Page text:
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The Sunday Opera: Gaetano Donizetti's "Lucia di Lammermoor" with a Dream Cast Headed by Joan Sutherland

It’s a win-win scenario on this week’s Sunday Opera (6/9 3:00 p.m.) as we feature a much-loved opera and a recording of a stellar, dream cast in Gaetano Donizetti’s “Lucia di Lammermoor.” 

“Lucia” premiered in 1835 when Donizetti was at the height of his career and was the last of the three Italian opera composers who were considered “geniuses” since Rossini had retired from writing operas and Bellini died just before its premiere. It was loosely, very loosely, based on Sir Walter Scott’s Novel, “The Bride of Lammermoor” and centers on the plight of Lucy (Lucia) Ashton who loves a man from the wrong family. This also came at a time when Scotland was in the minds of many Europeans who loved a romanticized idea of the country because of its feuds and tribal wars as well as the mythology and folklore associated with it. 

“Lucia” is another version of the star-crossed lovers found in “Romeo and Juliet.” 

Lucia is in love with Edgardo, but he is a Ravenswood, and they are supposed to be sworn enemies. As a bit of a back story that I don’t believe is in the opera, Lucia’s family was banished from England for backing the deposed Edward VII, and he settled in Scotland. Once there, he took over the ancestral home of the Ravenswoods, pretty much eliminating their family history.

Lucia’s brother, Enrico, is now the Lord of Lammermoor, and he has decided that Lucia will marry another Lord, Arturo, not knowing that Lucia and Edgardo have promised themselves to each other. With the help of a Calvinist chaplain named Raimondo, Enrico poisons Lucia and Edgard’s relationship, but the ending he hopes for doesn’t occur. Lucia goes mad, kills Arturo, and then dies. Upon hearing this, Edgard kills himself hoping that he will see Lucia once more in heaven. 

The recording to which we’ll be listening comes from 1971 and features one of the two sopranos who were lauded for their interpretations of the title character, Joan Sutherland. Joining Sutherland, we have Luciano Pavarotti as Edgardo, Sherill Milnes is Edgardo, Ryland Davies is Arturo, Nicolai Ghiaurov is Raimondo, Huguette Tourangeau is Lucia’s maid Alisa, and rounding out the cast we have Pier Francesco Poli as Normanno, one of Enrico’s retainers.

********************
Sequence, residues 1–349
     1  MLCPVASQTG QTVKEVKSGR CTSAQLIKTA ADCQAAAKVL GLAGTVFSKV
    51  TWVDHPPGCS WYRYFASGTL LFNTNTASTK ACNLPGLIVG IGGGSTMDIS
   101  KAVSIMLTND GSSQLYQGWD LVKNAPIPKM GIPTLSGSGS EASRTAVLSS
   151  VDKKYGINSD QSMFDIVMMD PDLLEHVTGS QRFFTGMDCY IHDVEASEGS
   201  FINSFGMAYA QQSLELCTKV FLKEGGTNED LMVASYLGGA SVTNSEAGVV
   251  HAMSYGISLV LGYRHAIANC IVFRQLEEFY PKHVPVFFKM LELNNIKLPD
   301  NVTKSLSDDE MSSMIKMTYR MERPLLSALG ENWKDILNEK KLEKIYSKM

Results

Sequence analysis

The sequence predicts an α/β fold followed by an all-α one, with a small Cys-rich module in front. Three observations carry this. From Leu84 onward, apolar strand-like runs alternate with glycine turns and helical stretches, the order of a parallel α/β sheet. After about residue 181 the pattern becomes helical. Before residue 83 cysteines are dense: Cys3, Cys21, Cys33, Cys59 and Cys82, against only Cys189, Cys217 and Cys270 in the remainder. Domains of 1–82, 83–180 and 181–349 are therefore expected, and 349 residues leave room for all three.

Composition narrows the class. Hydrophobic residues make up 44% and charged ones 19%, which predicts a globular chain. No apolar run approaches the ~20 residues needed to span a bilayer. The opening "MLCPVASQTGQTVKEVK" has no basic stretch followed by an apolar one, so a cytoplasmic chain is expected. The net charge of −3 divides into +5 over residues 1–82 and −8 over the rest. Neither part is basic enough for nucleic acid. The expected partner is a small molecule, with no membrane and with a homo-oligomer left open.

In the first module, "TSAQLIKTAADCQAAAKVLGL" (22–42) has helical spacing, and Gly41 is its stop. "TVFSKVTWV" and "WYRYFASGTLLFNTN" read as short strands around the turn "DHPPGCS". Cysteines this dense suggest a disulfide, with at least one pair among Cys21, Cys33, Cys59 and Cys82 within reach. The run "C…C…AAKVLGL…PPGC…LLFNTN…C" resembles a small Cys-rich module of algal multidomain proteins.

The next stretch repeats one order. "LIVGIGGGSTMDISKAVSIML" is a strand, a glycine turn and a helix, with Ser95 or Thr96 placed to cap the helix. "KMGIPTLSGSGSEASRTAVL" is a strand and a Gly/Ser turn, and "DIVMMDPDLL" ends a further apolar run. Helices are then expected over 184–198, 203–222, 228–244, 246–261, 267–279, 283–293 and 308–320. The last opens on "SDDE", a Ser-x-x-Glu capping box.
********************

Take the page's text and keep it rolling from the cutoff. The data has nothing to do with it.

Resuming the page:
The recording is conducted by Richard Bonynge who is leading the Chorus and Orchestra of the Royal Opera House Covent Garden. 

We thought it would be interesting to look at more music that was inspired by Scotland by non-Scottish composers to fill our time together after the opera. 

We’ll begin with Felix Mendelssohn’s Symphony No. 3 in A minor. Known as the “Scottish,” it came about after Mendelssohn was totally enamored of Scotland during a walking-tour he took in 1829 that began at the ruins of Holyrood Chapel. Andre Litton conducts the Bergen Philharmonic Orchestra for this much-loved work. 

The second work is by Max Bruch. His Scottish Fantasy in E-flat major is a four-movement work based on Scottish folk melodies which you may recognize. This work that premiered in 1881 will be played for us here by the Russian Philharmonic Orchestra conducted by Dmitry Yablonsky and featuring violinist Maxim Fodotov.

We’ll end our time together with more dances as we listen to two of the “Four Scottish Dances,” Op. 59 of Sir Malcolm Arnold. The sprightly Pesante and Con brio (movements 1 & 4) performed by the Queensland Symphony Orchestra conducted by Andrew Penny should get your toes a-tappin’. 

Join us for a trip to Scotland through the lens of composers from Italy, Germany, and England this week without leaving the comfort of your favorite chair.

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